Covid-19 Vs. Hunger Virus: FGN Copy and Paste Policy doing more Harm than Good
All parts of Nigeria have been in either partial or total lockdown in the last 3 months. This is a measure for curtailing the spread of the Coronavirus. Restrictions of movements are essentially to confine people to places and stop person to person transmission. But given the nature of our housing for the generality of the masses and peasant and subsistence economy, holding citizens in the houses is not the best of policies in addressing the pandemic.
View pictures in App save up to 80% data. View pictures in App save up to 80% data. View pictures in App save up to 80% data. Compared to lockdowns in Europe, the inappropriateness of our adoption of the same policy in the exact same format begins to show with very telling implications. To begin with, like Professor Chukwuma Soludo pointed out while arguing that Nigeria and indeed Africa cannot afford lockdowns, Americans and Europeans were literally paid to stay home. Money and materials were provided by their governments to the citizens, most of whom are employed and receiving payments from their organizations while reluctantly observing the lockdown.
In Nigeria, a country where its bureau of statistics gave the figure of citizens living in absolute poverty of less than one dollar a day as about 100m, the citizens are forced to stay home with no meaningful provisions. Out of over 100m Nigerians who survive based on daily hassles, less than 4 m got a paltry 20 k from the federal government (state governments, politicians, NGOs, and wealthy Nigerians helped a great deal though but it was still a far cry).
The COVID-19 poor policies in Nigeria are many. In the FCT, and other parts of the country, churches and mosques have been reopened while markets and farms remained closed; whereas it should be the reverse. It is businesses that ought to open before churches and mosques. The reason is simple: religious activities can go on in private while most businesses cannot. But being a highly religious nation yet not so spiritual, reopening worship centres became paramount to the policy drivers and COVID-19 handlers in Nigeria.
Food stuff markets open twice or thrice a week in Abuja only for 6 hours for people to refill but nobody asks how many Nigerians are able to do so since the majority of them have had their livelihoods halted in the last 3 months. Apart from poor Nigerians already finding life tough, months ahead looks indeed bleak. The economic team headed by Vice President Yemi Osinbajo just predicted over 39m job losses before December 2020.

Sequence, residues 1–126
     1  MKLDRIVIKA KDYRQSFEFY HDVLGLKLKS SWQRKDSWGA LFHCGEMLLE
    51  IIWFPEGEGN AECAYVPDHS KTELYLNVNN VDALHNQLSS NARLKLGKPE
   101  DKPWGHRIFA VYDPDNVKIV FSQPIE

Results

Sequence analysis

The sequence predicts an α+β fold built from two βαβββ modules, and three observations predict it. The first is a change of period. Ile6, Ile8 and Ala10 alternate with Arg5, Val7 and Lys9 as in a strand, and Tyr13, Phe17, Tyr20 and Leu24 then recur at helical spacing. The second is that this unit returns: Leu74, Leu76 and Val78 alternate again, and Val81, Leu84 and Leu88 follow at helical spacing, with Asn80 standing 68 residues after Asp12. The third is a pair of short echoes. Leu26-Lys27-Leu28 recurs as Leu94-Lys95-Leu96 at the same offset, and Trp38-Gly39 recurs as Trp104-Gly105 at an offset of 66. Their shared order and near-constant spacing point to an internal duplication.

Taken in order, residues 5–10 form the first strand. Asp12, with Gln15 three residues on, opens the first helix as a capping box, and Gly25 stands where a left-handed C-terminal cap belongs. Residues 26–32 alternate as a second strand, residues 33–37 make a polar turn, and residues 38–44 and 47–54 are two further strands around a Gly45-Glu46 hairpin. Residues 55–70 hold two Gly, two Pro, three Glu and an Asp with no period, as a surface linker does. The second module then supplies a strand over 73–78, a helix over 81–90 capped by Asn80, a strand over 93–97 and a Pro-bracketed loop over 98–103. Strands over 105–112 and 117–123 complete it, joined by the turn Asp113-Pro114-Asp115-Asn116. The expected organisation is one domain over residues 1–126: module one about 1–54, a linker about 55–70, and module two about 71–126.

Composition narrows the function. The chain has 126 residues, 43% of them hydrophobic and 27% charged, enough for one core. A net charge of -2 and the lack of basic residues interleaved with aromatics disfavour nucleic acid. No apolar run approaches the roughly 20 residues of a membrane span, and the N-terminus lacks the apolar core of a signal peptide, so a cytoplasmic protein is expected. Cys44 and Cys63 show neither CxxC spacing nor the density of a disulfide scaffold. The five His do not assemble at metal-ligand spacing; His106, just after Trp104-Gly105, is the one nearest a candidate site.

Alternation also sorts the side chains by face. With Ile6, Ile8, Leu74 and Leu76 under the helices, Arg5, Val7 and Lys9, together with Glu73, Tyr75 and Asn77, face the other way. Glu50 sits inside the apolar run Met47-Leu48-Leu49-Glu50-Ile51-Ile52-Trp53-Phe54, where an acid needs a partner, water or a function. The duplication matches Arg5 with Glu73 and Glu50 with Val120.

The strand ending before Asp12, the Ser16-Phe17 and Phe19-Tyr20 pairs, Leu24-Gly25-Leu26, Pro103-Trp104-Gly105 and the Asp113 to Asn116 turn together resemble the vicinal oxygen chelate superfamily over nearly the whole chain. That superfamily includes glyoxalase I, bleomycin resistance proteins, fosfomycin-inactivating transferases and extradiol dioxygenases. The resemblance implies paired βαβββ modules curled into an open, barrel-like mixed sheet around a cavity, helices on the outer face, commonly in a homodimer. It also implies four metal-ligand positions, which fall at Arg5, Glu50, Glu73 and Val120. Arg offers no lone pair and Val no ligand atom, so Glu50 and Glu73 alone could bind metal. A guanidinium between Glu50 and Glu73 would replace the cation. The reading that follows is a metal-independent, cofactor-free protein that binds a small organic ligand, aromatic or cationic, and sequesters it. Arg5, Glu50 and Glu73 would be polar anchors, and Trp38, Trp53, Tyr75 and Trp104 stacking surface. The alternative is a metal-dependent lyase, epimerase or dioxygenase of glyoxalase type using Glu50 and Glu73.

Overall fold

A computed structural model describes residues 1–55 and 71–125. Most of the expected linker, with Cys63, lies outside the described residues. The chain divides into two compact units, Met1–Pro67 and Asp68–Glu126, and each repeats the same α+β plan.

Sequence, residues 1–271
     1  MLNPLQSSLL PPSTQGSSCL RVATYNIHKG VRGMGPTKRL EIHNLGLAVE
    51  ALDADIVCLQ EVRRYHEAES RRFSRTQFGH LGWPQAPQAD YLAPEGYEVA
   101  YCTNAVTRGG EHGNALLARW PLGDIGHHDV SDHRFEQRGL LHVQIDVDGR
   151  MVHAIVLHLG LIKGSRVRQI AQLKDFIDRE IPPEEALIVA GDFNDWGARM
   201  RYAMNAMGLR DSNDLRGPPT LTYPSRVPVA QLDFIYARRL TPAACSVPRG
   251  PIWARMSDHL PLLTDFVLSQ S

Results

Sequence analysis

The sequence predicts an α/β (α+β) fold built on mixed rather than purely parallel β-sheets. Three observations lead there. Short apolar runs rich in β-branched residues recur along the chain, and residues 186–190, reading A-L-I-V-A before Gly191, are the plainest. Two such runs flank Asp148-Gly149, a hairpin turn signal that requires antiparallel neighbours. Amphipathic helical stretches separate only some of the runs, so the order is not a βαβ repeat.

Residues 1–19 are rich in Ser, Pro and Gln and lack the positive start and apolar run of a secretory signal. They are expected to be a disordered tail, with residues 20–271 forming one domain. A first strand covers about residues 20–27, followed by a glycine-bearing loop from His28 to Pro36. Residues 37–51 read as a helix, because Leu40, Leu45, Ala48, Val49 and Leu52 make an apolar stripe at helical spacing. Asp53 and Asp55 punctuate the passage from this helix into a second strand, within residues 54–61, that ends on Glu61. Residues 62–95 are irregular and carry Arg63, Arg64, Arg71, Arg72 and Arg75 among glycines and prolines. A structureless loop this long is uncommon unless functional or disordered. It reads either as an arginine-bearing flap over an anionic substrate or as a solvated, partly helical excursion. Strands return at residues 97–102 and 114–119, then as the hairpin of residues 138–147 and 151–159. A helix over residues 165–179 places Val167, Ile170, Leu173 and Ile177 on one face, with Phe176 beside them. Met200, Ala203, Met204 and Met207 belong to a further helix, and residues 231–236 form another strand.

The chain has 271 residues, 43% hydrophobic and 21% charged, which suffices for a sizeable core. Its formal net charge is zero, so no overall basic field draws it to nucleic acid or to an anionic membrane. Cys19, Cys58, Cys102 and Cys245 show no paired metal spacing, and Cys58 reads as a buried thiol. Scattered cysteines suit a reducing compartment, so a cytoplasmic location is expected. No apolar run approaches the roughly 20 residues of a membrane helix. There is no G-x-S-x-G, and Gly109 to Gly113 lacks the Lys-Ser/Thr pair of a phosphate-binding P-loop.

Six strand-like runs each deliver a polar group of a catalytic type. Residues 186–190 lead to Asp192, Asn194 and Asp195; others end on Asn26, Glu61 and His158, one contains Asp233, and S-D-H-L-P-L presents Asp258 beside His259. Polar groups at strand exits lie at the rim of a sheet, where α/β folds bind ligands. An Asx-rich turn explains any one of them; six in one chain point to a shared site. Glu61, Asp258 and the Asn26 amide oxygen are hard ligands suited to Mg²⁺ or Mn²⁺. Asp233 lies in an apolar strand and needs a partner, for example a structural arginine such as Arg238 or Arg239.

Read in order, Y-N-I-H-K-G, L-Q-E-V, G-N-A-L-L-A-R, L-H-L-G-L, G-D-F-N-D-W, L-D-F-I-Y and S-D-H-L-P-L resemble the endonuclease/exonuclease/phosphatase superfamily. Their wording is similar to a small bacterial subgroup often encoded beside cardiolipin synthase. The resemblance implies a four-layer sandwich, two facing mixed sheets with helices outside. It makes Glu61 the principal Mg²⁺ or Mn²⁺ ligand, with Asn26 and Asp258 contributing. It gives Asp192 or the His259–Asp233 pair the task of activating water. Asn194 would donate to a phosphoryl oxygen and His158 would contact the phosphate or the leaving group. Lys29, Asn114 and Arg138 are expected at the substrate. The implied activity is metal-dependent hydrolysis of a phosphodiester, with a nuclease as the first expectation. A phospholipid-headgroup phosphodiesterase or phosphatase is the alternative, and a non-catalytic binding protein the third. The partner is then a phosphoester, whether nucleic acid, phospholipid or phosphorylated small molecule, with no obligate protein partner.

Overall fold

Further evidence that lockdown is not inevitable is shown in several countries that did not lockdown and yet, recorded less Corona incidences than many countries that are observing lockdown. They followed alternative routes and got their good results while keeping their economies running, proving the point that the need for lockdown is not absolute.
Let's take a closer look at our conflicted and convoluted case. Nigerian masses live in houses which make lockdown a bad case. It is true that poor transportation means more body contacts, but the number of passengers can take care of this aspect considerably well. As long as there are no physical contacts and the vehicles are ventilated, contacting the virus while commuting is minimal. It is no more the chances of contracting it in the clustered environments where Nigerian masses live and forced to use common facilities such as toilets, bathrooms and so on. The housing problem seems to be getting worse. It is estimated that Nigeria has a deficit of 17 million houses as of August 2012 and requires 700,000 houses annually compared to less than 100,000 currently being constructed (NBS). This condition has forced the majority of Nigerians to live in environments and buildings where lockdown cannot be logically observed.